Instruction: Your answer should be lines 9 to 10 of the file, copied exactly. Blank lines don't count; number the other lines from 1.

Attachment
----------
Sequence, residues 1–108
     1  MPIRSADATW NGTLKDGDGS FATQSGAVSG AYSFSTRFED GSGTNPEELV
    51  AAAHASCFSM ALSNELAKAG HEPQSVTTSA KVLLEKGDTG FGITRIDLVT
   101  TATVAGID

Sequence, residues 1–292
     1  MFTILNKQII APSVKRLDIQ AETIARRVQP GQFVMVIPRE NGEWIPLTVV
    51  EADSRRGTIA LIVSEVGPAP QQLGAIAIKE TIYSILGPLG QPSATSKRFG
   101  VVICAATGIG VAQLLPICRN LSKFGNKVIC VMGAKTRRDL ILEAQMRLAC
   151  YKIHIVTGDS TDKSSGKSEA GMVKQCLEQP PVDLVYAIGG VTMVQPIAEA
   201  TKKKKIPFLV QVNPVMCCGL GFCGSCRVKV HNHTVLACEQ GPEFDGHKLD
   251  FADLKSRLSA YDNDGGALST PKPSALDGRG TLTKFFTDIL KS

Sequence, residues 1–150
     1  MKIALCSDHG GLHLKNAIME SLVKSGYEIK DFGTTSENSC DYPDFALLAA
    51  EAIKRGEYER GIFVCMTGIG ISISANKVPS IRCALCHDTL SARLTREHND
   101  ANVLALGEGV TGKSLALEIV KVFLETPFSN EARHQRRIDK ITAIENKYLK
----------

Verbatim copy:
   151  YKIHIVTGDS TDKSSGKSEA GMVKQCLEQP PVDLVYAIGG VTMVQPIAEA
   201  TKKKKIPFLV QVNPVMCCGL GFCGSCRVKV HNHTVLACEQ GPEFDGHKLD